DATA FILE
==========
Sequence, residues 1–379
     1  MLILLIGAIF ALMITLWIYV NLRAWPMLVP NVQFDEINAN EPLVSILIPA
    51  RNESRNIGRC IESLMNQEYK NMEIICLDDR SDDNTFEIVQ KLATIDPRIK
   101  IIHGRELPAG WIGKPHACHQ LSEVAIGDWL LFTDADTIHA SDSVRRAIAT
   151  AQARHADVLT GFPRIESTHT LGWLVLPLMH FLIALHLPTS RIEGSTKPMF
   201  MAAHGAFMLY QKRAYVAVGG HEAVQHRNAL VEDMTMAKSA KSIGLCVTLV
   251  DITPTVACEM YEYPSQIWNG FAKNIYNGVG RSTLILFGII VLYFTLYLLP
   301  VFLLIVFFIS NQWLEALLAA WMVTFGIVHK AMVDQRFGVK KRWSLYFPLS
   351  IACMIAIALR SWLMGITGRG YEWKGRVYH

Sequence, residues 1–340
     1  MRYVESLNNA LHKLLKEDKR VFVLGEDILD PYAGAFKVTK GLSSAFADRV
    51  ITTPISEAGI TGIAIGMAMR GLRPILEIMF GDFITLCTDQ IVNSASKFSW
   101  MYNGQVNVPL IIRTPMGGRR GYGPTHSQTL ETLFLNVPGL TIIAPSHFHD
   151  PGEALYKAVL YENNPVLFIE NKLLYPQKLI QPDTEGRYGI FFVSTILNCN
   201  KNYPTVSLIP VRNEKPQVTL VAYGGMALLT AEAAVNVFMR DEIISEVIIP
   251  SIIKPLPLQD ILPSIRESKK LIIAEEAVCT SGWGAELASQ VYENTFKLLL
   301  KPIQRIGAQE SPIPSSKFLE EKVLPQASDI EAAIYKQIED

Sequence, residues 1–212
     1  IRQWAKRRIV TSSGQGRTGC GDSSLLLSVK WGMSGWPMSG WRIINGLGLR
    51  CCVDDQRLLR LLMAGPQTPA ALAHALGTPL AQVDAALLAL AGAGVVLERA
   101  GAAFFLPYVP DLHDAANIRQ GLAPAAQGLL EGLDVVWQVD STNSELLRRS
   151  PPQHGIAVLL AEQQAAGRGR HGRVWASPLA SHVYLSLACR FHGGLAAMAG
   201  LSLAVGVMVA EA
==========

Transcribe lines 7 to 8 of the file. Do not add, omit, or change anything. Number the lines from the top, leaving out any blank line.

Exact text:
   251  DITPTVACEM YEYPSQIWNG FAKNIYNGVG RSTLILFGII VLYFTLYLLP
   301  VFLLIVFFIS NQWLEALLAA WMVTFGIVHK AMVDQRFGVK KRWSLYFPLS